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In my code below, it stops executing when I hit an exception. How can I get it to re-enter the try statement from where the exception left off? Maybe I am looking for a different way to tackle this without a try-except statement?

import requests
from requests import exceptions

contains_analyst = []

try:
    for x in data:
        r = requests.get(str(x), timeout=10, verify=False)

        if "analyst" in r.text:
            contains_analyst.append("Analyst")
            print "Analyst @ %s" % x
        else:
            contains_analyst.append("NOPERS")
            print "Nopers"

except exceptions.RequestException:
    contains_analyst.append("COULD NOT CONNECT") 
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1 Answer 1

up vote 1 down vote accepted

You should put the try/except around only the part whose error you want to trap. In your example, it looks like you want something more like this:

for x in data:
    try:
        r = requests.get(str(x), timeout=10, verify=False)
    except exceptions.RequestException:
        contains_analyst.append("COULD NOT CONNECT") 
    else:
        if "analyst" in r.text:
            contains_analyst.append("Analyst")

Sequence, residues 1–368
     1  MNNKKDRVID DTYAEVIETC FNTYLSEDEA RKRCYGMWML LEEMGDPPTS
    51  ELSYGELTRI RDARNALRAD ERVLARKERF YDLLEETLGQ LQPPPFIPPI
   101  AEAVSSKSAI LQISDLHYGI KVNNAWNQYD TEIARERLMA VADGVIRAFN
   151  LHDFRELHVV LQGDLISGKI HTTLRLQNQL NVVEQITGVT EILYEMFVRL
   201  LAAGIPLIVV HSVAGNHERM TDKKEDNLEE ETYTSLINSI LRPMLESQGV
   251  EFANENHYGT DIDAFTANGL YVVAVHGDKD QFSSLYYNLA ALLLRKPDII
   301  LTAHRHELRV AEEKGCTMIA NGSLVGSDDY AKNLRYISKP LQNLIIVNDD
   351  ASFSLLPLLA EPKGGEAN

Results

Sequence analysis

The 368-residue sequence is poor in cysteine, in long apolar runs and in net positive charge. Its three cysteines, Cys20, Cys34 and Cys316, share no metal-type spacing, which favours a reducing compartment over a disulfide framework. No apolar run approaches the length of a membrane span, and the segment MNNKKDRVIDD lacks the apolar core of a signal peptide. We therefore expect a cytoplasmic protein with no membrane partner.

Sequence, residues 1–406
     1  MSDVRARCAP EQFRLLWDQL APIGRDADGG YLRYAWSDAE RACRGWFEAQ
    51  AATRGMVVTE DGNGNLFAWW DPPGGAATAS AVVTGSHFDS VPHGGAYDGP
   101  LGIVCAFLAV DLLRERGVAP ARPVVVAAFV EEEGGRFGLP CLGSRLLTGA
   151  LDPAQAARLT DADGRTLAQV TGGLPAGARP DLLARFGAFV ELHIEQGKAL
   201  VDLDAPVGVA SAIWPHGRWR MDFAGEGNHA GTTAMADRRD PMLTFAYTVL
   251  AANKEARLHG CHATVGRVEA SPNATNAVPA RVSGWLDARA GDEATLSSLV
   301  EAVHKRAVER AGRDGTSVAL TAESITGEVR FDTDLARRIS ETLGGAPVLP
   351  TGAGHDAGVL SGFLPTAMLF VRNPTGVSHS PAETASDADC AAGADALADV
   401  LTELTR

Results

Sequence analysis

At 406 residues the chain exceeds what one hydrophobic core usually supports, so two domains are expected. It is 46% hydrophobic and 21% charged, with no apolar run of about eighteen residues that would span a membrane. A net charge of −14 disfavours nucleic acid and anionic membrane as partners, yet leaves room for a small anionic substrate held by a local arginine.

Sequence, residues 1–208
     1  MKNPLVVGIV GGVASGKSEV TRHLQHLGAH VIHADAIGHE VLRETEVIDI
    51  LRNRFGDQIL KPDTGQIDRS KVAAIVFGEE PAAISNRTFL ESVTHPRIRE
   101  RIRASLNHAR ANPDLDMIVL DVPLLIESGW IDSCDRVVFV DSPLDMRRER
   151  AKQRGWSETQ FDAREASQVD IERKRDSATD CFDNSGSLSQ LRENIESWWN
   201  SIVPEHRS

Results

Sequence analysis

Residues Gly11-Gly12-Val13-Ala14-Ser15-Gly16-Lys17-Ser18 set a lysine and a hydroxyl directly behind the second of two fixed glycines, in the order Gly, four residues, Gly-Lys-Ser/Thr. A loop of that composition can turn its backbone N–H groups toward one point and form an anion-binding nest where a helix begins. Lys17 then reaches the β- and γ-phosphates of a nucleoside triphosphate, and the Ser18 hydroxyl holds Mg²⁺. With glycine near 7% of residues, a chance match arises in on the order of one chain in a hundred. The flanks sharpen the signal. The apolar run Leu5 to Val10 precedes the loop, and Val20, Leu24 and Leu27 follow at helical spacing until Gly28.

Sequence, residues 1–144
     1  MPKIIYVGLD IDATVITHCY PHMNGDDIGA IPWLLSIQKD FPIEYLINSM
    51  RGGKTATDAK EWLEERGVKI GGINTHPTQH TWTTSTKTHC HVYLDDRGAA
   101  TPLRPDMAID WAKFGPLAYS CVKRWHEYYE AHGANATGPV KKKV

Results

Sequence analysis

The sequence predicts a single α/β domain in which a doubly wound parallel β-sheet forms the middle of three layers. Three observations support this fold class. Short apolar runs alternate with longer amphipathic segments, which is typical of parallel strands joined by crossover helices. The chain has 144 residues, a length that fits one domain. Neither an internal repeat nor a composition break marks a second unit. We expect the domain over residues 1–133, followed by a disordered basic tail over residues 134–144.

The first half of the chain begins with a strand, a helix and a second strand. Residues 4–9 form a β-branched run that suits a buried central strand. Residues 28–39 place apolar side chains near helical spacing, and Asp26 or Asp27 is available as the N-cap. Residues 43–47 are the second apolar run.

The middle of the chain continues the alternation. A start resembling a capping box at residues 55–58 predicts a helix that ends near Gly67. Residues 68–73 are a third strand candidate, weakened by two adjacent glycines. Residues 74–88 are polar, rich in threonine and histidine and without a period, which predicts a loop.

print "Analyst @ %s" % x
        else:
            contains_analyst.append("NOPERS")
            print "Nopers"

Here I use the else clause of the try block to handle the case where no exception is raised (see documentation). In many cases, if you don't need to do anything else after the exception, you could just return at that point and put the following no-exception code in the main function body, reducing indentation a bit:

for x in data:
    try:
        r = requests.get(str(x), timeout=10, verify=False)
    except exceptions.RequestException:
        contains_analyst.append("COULD NOT CONNECT")
        return contains_analyst

    # execution reaches here if no exception
    if "analyst" in r.text:
        contains_analyst.append("Analyst")
        print "Analyst @ %s" % x
    else:
        contains_analyst.append("NOPERS")
        print "Nopers"

Of course, whether it makes sense to return at that point depends on the surrounding context of your code.

share|improve this answer
    
Ahh, that makes sense. I don't know why I thought I had to keep the whole try statement as it was...thanks –  Meepl May 7 at 4:07

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